Safety risks with vehicles are typically associated with some sort of defect inherent in the vehicle in question. Some part or system does not function as designed and causes a potential safety issue, and the driver, despite operating the vehicle in an otherwise safe manner and as intended, is placed at risk. Today's automobiles sold in New York are manufactured with varying inclusions of the latest technology available, but not all of these are aimed at enhancing or improving the functionality or safety of the driving experience. In fact, the issue arises whether some of these technologies should be placed in a vehicle at all.
Initially, it should be noted that what is called distracted driving has become a leading cause of injury crashes. In a AAA-sponsored study, researchers observed that the even a seemingly benign activity such as listening to the radio can, on some level, be distracting. Activities that require a combination of cognitive focus, the use of the hands and visual activity are the most distracting and cause the driver to lose focus on the task of driving for the longest period of time.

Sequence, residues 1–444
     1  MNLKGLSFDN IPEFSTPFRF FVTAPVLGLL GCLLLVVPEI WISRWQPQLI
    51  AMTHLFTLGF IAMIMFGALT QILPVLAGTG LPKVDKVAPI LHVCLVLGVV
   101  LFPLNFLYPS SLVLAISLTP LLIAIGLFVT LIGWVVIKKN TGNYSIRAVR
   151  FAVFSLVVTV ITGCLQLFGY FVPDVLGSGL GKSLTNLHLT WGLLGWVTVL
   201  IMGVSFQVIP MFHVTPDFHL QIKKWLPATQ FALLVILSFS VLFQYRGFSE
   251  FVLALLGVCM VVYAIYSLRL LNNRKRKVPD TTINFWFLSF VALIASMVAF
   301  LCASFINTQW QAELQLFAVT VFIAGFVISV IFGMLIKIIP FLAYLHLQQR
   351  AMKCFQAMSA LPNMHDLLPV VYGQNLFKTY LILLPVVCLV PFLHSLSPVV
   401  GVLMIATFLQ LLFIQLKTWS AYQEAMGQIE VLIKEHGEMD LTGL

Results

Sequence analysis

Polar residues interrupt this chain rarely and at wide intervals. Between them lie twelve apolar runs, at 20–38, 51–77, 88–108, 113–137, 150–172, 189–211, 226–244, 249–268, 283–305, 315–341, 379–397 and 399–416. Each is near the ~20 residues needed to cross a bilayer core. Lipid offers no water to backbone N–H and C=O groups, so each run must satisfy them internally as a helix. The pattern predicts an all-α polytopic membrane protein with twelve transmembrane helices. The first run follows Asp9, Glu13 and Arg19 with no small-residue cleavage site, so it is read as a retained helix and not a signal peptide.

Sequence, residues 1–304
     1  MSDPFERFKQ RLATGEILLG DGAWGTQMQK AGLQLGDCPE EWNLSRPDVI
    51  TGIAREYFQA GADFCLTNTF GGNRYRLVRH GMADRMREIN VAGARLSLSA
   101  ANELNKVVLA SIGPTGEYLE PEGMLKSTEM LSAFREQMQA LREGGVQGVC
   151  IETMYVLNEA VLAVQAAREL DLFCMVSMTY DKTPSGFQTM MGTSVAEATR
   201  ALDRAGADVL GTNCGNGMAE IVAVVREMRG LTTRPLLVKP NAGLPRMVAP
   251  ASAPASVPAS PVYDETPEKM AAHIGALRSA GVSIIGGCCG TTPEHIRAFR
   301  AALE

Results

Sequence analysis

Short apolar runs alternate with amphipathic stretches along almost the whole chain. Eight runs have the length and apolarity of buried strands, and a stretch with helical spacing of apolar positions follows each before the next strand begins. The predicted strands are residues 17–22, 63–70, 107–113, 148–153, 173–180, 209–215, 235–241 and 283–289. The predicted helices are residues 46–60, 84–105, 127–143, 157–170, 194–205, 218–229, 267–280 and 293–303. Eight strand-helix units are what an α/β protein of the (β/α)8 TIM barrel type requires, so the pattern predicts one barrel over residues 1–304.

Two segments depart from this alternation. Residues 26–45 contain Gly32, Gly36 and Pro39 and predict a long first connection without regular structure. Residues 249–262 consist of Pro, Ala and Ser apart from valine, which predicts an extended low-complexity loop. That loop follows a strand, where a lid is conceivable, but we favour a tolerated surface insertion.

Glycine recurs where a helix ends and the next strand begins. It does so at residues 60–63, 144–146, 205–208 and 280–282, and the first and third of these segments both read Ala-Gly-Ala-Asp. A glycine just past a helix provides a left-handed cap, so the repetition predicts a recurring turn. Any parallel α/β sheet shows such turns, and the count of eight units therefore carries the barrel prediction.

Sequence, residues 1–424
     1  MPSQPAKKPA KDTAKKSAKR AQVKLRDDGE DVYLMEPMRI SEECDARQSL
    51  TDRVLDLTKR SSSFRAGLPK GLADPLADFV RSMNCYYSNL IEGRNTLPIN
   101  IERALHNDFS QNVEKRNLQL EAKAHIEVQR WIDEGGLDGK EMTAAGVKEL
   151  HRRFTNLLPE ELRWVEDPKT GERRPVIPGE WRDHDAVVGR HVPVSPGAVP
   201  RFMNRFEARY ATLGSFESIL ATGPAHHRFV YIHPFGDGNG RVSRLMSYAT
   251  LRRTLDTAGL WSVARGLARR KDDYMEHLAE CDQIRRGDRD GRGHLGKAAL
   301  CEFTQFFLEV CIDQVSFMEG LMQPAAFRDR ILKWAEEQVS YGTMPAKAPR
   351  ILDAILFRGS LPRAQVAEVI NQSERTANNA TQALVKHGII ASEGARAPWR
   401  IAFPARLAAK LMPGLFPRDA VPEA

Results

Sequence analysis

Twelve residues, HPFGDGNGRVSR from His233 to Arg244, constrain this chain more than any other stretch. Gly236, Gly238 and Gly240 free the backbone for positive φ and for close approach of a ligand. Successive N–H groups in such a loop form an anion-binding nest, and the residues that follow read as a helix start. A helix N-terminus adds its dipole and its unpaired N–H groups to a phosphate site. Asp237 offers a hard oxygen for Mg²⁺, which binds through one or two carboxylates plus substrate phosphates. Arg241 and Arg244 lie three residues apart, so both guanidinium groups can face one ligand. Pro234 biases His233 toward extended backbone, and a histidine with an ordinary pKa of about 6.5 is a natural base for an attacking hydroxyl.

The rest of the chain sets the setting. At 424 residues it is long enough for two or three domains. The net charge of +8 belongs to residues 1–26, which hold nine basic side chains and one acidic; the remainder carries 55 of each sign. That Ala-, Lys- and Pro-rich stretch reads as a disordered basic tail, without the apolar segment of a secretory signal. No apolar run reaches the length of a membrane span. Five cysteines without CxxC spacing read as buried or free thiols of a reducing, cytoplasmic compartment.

While it has been shown that a driver doubles the risk of an accident when taking his or her eyes off the road for as little as 2 seconds, such tasks as using a GPS or texting can be distracting for as long as 40 seconds. One of the important conclusions of the study is to remind drivers that simply because a technology is included with a new car, it is not necessarily safe to use while driving.
Ultimately, responsibility for the safe and reasonable use of an automobile falls on the individual driver. A personal injury lawyer may be able to help determine if a car accident was the fault of a negligent driver.